The team has long been known for their stellar and original promotions, and this was ‘Salute to Uranus’ night. They put it in their ads, and I heard back from all kinds of people saying they had heard my name everywhere. I hadn’t planned on my name being attached to this gimmick, so the team did me a favor by getting my name out there too. I don’t mind either way, it was just FUN.
The character itself is still in development, but the fact that an adult would dress up like a goof willingly is a sure way to garner attention. If it weren’t true, they wouldn’t keep sending all those poor saps out in public dressed as the Statue of Liberty trying to drum up business for tax places.
If nothing else, it turns heads for a short second even if only to have the person gawking at the costumed kook think “Well at least it’s not ME.” This is the same principle, but it was received well by everyone and turned out to be an amazing experience. I know I’m on to something here.
It helped immeasurably that the team was totally behind this. Jon Greenberg is on top of things, and always has been. He’s the president of the team, but everyone else was great too. Director of Marketing Tim Van Wagoner worked extremely hard to come up with a true or false quiz to give fans on the bench where they’d give a thumbs up or down. It was the ‘Thumbs up Uranus’ quiz.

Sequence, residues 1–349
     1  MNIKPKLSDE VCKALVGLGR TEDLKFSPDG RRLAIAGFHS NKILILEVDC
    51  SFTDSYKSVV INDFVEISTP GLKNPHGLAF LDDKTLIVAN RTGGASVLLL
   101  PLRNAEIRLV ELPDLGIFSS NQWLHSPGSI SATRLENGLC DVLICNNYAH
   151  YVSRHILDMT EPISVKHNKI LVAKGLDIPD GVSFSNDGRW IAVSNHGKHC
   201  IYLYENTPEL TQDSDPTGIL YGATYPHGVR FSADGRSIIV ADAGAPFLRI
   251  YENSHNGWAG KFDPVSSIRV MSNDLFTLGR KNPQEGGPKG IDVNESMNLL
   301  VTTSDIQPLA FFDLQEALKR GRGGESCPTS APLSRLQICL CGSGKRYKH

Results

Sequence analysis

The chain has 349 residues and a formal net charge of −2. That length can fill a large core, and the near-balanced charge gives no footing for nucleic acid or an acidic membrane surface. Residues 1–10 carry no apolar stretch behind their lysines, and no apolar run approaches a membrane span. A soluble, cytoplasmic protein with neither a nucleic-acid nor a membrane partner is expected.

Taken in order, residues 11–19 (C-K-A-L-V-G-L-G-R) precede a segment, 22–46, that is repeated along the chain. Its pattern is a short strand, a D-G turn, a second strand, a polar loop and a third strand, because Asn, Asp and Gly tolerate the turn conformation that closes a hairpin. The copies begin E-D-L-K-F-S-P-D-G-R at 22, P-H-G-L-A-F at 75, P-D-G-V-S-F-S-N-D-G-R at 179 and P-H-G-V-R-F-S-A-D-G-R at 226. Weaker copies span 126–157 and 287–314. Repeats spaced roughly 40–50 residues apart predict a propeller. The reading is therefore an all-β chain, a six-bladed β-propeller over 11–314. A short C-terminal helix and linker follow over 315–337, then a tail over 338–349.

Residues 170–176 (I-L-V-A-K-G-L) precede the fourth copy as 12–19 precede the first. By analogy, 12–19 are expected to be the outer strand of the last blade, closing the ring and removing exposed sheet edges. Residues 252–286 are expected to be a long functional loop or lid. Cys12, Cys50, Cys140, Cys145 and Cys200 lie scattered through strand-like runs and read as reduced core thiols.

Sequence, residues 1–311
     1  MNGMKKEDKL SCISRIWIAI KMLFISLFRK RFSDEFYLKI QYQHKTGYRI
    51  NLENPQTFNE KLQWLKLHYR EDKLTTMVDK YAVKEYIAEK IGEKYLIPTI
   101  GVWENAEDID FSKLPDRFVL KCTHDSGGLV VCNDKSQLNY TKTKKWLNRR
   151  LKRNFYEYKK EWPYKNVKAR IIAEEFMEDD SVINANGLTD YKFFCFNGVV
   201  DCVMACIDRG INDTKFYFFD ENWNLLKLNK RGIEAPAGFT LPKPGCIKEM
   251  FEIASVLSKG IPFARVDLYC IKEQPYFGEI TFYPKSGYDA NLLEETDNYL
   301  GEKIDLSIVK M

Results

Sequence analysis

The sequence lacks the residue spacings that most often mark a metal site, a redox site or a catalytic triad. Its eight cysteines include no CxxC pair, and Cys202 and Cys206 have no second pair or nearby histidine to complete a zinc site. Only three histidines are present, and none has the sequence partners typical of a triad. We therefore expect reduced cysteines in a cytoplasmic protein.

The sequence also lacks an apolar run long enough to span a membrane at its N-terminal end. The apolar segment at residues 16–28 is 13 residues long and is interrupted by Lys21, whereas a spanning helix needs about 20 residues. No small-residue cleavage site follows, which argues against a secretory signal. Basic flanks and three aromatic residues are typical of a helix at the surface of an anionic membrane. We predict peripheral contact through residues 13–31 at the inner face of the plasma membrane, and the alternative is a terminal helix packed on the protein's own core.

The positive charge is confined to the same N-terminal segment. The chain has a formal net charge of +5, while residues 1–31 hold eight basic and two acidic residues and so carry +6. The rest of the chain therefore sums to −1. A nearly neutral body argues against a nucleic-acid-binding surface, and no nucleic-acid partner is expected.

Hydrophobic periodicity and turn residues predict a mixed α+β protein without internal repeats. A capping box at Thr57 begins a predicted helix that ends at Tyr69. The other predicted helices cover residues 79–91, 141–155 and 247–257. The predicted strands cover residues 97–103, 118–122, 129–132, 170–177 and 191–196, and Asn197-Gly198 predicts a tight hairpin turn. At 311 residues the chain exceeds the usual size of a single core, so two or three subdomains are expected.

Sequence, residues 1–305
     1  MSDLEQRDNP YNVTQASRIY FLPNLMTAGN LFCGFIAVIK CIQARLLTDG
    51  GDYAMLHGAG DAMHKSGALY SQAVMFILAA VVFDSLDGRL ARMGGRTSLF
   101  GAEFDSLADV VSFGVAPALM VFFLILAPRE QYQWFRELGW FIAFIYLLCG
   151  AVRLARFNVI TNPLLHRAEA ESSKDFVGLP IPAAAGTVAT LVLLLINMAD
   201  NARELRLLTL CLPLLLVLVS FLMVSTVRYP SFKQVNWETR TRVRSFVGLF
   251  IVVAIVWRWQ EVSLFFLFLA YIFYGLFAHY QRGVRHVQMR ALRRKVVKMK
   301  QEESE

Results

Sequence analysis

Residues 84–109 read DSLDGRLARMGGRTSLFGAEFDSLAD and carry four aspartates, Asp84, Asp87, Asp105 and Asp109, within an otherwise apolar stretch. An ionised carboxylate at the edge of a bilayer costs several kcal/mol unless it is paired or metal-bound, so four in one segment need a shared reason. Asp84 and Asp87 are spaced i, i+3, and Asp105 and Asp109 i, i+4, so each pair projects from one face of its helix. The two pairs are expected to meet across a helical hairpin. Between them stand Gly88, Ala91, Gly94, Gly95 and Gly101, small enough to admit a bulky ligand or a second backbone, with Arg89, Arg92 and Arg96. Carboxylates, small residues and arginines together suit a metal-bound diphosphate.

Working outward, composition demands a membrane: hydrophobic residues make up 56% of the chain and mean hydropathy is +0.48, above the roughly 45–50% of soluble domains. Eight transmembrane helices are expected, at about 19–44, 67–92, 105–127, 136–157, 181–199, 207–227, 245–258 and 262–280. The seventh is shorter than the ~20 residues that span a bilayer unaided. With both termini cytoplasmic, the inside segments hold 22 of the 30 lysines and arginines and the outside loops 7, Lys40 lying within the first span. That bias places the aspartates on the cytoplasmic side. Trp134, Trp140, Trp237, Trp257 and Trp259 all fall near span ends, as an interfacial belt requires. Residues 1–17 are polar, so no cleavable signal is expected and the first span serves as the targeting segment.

I also got to drop the ceremonial first puck before the game, and to see the looks on the faces of the players alone was worth my trip. They gawked at me like I really was from outer space, and I had to bite my lip to keep from laughing. It was exactly the reaction I wanted, and I played it up.
Another major highlight was getting to be part of the ‘Human Hockey Puck’ contest. That’s the one that everyone talked about. There’s a huge sling shot and five fans are put on a plastic flying saucer sled one at a time and slung across the ice to knock down targets like bowling pins to win prizes. I’d seen it done before, but being part of it in full King regalia was a treat I won’t forget.
Between the first and second period I got to sit and sign autographs if anyone was interested in getting one. Jon Greenberg and I had no idea if anyone would show up, but there was a long line of fans wanting pictures and autographs and I felt like Elvis for twenty minutes. It was a big hit!